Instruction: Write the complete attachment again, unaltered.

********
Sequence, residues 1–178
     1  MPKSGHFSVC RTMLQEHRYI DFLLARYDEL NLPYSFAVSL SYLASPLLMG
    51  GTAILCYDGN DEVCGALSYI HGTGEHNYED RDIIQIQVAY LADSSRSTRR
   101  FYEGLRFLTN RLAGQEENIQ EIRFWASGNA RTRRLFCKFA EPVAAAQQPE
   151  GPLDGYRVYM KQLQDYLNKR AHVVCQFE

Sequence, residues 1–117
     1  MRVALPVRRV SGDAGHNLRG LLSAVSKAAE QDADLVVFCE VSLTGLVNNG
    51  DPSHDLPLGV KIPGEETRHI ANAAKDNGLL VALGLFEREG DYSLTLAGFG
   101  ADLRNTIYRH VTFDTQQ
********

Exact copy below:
Sequence, residues 1–178
     1  MPKSGHFSVC RTMLQEHRYI DFLLARYDEL NLPYSFAVSL SYLASPLLMG
    51  GTAILCYDGN DEVCGALSYI HGTGEHNYED RDIIQIQVAY LADSSRSTRR
   101  FYEGLRFLTN RLAGQEENIQ EIRFWASGNA RTRRLFCKFA EPVAAAQQPE
   151  GPLDGYRVYM KQLQDYLNKR AHVVCQFE

Sequence, residues 1–117
     1  MRVALPVRRV SGDAGHNLRG LLSAVSKAAE QDADLVVFCE VSLTGLVNNG
    51  DPSHDLPLGV KIPGEETRHI ANAAKDNGLL VALGLFEREG DYSLTLAGFG
   101  ADLRNTIYRH VTFDTQQ